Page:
We had the good fortune of connecting with Pixie Brastki and we’ve shared our conversation below.
Hi Pixie, is there something you can share with us that those outside of the industry might not be aware of?
The amount of work that goes into it. I make videos (Reiki, Astrology and Divination) as well create Art for my RedBubble platform.
The “Behind the Scenes”. I tried to share some of that process with my Patrons, but it was only the technical aspect (ie, what I use, where I work – and even that has changed over the months).
There is so much between the initial thought, whether I am making a video or painting a piece, and the finished product.
Some of it might feel a bit tedious (hours of videos means even more hours of editing! I’m getting faster now at recording and delivering a product, but it is still fastidious). However I try to enjoy every part of the process.
I’m also a bit of a perfectionist and love to do things by myself (cos I learn that way, and I LOVE learning!). So I will look for funny visuals to add, or create music to go with the tone of the video.
Plus of course the post-editing, posting, scheduling, creating thumbnails.
For Art I like to connect through short videos showing how I work in real time, and I post those on TikTok and IG. Even those short videos go through an editing process of getting the colours accurate, adding texts and captions, and picking the right music to go with them – I like to trigger curiosity in the viewer as my tastes are eclectic and not really mainstream.
Let’s talk shop? Tell us more about your career, what can you share with our community?
My Art is a cross between whimsical and punk. My absolute favourite thing to draw is skulls. I’ve always been attracted to skulls from a young age – I’ve always found something aesthetic about them. A lot of people are put off by them and what they represent; I believe death is an important part of our lives that should be more talked about and demystified in a way.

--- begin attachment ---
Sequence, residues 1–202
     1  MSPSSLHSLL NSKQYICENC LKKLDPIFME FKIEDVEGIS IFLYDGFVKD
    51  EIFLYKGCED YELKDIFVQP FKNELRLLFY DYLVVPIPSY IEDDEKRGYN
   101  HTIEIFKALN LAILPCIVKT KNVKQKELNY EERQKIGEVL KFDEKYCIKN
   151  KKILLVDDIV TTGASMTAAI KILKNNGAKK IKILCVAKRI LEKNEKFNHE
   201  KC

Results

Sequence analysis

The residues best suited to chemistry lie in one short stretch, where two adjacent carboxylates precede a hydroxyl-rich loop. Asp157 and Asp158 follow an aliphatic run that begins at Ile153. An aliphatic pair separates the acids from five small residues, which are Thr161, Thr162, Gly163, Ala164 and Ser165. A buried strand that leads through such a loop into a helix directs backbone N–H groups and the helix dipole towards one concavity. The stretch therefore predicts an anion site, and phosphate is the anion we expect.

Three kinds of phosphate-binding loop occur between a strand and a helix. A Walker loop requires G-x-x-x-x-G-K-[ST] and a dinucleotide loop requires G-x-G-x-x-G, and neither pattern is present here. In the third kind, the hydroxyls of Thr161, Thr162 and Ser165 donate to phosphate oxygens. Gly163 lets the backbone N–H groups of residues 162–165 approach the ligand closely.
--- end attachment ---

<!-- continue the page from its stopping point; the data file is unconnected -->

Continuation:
I started getting into esotericism at a young age, and being naturally curious, finding the meanings behind things such as skulls, but also dreams, folk tales and such, was self-evident.
I try to infuse those elements in my work – hence the whimsical aspect of it. Some skulls might look cute, others are more connected to Nature – I enjoy using filigree, vines, feathers and antlers, as well as traditional Native designs, to honour my roots.
I love using watercolours because of the portability of the medium, the fact that it can be quickly reactivated with a few drops, and that you cannot 100% control the outcome. Just like life, really. It’s freeing, and allows for a more organic and intuitive approach.
All in all, I do what I love and want to do, and what makes me happy. I once saw a short documentary about this Canadian artist who was drawing zombies, and turning people into zombies using pictures of them. That was all he was doing all day, every day. He loved it and was never bored. It sparked something in me, that if he can do it, I can do the same thing with my skulls.
I am not yet where I’d like to be, but I am enjoying the adventure, and learning so much along the way. “There is always room for improvement”, and I’m never going to be done learning and improving.
If you had a friend visiting you, what are some of the local spots you’d want to take them around to?
I live in Phnom Penh, Cambodia. Despite being a capital city, it feels very small. I would suggest we go to the “classic” places – the Royal Palace, the Wat (pagoda – there are several), the Museum, the Wat Phnom (literally, the Hill Pagoda).
An evening dinner on Riverside with view on the Tonle Sap and the boats, as well as perhaps a short boat trip to Koh Sdach (Silk Island) on the next day.
For more adventures, we’d carry on to Siem Reap, home of Angkor Wat, Prasat (temple) Bayon, the famous tree growing in the ruins. There are hundreds of little temples all around the area, some of them very pretty and quiet. A lot of walking though, so sturdy shoes are required!
After all that hard work, going hiking in Kep National Park would be refreshing. There is also a tiny beach and the Crab Market. For bigger, but also busier beaches, Kompong Soam (Sihanoukville) would be the place. For something a little bit more intimate, Koh Tonsai (Rabbit Island), off of Kep, or even the other islands off of Sihanoukville like Koh Kong or Koh Rong are only a boat ride away.
The Shoutout series is all about recognizing that our success and where we are in life is at least somewhat thanks to the efforts, support, mentorship, love and encouragement of others. So is there someone that you want to dedicate your shoutout to?
The first person that comes to mind is of course the person who recommended me for this article, Christopher Lewis! But also other people whom I was already friends with, or who became friends over the years – Lena Bengtsson, Nick Costa, Diana Skye, Erin Vyvyan, Peggy Liddell, Oz Thomas, Maren Jung, Scott Love, many, many more who support me on FaceBook, YouTube and IG, and my lovely Patrons. I am so over the moon to be supported by such wonderful, genuine and warm, kind-hearted individuals.
All photos by me.